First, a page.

During our initial research we develop a biodiversity baseline for each site that guides our reclamation plans. It helps us ensure we are minimizing impacts to animals, plants and their habitats, and is factored into all our work throughout the life of the mine.

To prepare the site for mining, we begin by removing the sand, gravel, topsoil and vegetation in the areas we plan to mine. Where practicable, we save this mixed soil material so we can use it as part of reclamation work as mining is completed. Soil is a valuable resource for re-establishing native plant-life, which leads on to habitat for birds, insects and other animals to make the former mine their home once again.

When mining in a particular area of the operation is complete, we begin the work of reclaiming that area of the mine even as work continues in other areas of the operation.

Sloping and placing soil
We re-slope the area as required, and place the soil material salvaged in Step 2 on areas of the mine to be revegetated. We may also use additional coarse woody debris—fallen trees and large branches found in the areas ground cover during the reclamation process—as ground cover during the reclamation process. We also use wildlife trees, dead trees placed vertically in the ground, to provide structures on rocky areas which can be used as nesting or perching habitat for birds. This enhances the biodiversity value of the reclaimed landscape by returning key elements of mature or old growth forest that create suitable habitat for nesting birds.

Whenever possible, we plant native species when reclaiming a mined area, chosen based on research and consultation conducted during previous planning phases. We use those native species most likely to survive and thrive in a particular area and we also plant the type of vegetation most suitable for natural ecosystems that occur in the area, in order to achieve ecosystem and biodiversity objectives. We also incorporate cultural uses of the land, after learning about those from area Indigenous peoples and other community stakeholders tied to the land.

For example, one area of reclamation at our Fording River Operations is a relatively low-elevation site, and is east-facing, which means that the slopes are cooler and moister than a sunny west-facing slope would be. This results in selection of plant species that will thrive in a cooler and moister environment. Species such as Engelmann spruce will have much higher growth rates in these sites than if planted on a drier and warmer site. Reclamation at higher elevation sites can mean a harsher climate—higher winds, more exposed sites—so vegetation planted in these areas needs to be tailored to thrive in these conditions. A lot of work goes into determining the right types of vegetation to plan: site studies, Indigenous peoples consultation and science informs these decisions.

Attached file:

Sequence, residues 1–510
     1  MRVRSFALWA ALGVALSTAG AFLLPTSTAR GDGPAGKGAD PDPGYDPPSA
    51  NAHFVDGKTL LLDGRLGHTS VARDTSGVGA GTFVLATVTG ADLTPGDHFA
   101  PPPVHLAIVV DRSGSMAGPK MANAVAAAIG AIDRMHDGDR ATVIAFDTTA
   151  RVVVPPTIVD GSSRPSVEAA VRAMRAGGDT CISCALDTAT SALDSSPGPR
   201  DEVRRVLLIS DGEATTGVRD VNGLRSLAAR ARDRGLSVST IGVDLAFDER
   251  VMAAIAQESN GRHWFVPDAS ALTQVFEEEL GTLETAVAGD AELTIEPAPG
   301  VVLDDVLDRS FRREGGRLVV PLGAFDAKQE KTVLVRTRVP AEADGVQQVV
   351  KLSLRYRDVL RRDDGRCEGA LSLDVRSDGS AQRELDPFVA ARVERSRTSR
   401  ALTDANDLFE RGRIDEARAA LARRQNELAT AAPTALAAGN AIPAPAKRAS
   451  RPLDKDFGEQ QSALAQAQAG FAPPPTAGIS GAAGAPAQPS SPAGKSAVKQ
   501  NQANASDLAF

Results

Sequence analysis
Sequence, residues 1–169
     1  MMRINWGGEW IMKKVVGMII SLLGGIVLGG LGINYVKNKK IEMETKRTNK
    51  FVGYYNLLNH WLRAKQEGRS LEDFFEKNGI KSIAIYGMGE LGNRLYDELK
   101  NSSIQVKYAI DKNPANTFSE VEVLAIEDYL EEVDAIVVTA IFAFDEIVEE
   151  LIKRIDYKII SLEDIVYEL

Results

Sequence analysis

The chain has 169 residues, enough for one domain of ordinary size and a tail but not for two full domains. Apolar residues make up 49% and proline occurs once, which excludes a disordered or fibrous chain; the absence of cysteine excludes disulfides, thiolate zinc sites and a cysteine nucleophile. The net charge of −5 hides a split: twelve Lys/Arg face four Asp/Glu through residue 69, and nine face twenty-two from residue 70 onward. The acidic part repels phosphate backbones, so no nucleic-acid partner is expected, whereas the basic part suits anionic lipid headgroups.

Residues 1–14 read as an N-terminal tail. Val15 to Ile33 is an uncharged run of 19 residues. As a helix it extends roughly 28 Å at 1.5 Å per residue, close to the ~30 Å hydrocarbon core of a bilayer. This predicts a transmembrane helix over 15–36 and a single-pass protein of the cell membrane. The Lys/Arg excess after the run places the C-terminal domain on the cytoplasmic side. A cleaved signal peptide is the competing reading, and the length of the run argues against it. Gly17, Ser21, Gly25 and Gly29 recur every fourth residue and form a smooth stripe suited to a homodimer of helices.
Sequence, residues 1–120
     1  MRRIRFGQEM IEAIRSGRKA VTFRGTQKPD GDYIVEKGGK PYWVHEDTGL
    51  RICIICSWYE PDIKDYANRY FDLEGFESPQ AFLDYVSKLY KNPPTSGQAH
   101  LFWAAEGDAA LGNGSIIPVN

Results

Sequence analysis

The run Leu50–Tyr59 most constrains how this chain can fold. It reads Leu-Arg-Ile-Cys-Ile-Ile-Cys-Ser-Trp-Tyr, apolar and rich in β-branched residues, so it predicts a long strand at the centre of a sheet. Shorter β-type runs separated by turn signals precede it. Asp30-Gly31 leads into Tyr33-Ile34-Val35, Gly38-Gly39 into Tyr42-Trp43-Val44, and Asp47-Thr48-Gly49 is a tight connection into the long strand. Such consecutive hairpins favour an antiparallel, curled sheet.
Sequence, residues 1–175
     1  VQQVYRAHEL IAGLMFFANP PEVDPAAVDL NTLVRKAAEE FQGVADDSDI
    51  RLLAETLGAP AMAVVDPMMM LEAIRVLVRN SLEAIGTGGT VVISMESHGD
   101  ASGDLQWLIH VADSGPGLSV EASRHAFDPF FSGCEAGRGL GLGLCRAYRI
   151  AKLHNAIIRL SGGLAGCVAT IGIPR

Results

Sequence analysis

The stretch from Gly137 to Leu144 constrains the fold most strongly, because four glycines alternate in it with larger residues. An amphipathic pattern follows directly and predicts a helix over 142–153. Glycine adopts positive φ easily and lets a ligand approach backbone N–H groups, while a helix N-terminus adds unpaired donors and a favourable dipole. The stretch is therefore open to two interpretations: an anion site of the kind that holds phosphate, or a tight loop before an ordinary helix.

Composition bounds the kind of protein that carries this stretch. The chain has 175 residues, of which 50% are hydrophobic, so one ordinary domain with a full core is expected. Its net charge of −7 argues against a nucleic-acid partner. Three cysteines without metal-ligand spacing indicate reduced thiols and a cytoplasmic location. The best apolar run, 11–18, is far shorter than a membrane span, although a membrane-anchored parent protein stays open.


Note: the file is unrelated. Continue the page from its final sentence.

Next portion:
Reclaiming water features
Another important part of the reclamation process is reclaiming water features at the mine site, such as tailings ponds and pit lakes. Tailings are the finely ground rock particles, sand, silt and other substances left following the process that extracts the valuable resource (e.g. copper, zinc, steelmaking coal) from the rock. They are often stored in tailings ponds created through the use of berms, dams or natural features that hold it all in place. Depending on the reclamation plan and the end land uses, these ponds are either entirely drained of water and decommissioned, or turned into new aquatic ecosystems of their own.

In some cases, our closure plans include creating other new water features that remain after mining, called pit lakes. In this case, when one area of a mine is complete, the remaining pit can be filled with tailings or rock and then covered with water, creating a new lake. Turning tailings ponds and pit lakes into functioning, healthy aquatic ecosystems is something Teck has done successfully at several of our sites, including our Highland Valley and Cardinal River operations.

Once reclamation of an area is complete, we monitor the success of reclamation activities and adjust our approaches as necessary to ensure our land-use plans are working and environmental and biodiversity objectives are being achieved.

At some mine sites, long-term treatment of water is required. In those cases, Teck responsibly operates and maintains those facilities, and monitors to ensure water quality targets are being met.

Responsible Mine Closure & Reclamation

Responsible Mine Closure & Reclamation

Read more about our approach to mine closure and reclamation. 

Read More

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As one of Canada’s leading mining companies, Teck is committed to responsible mining and mineral development with major business units focused on copper, zinc, and steelmaking coal, as well as investments in energy assets.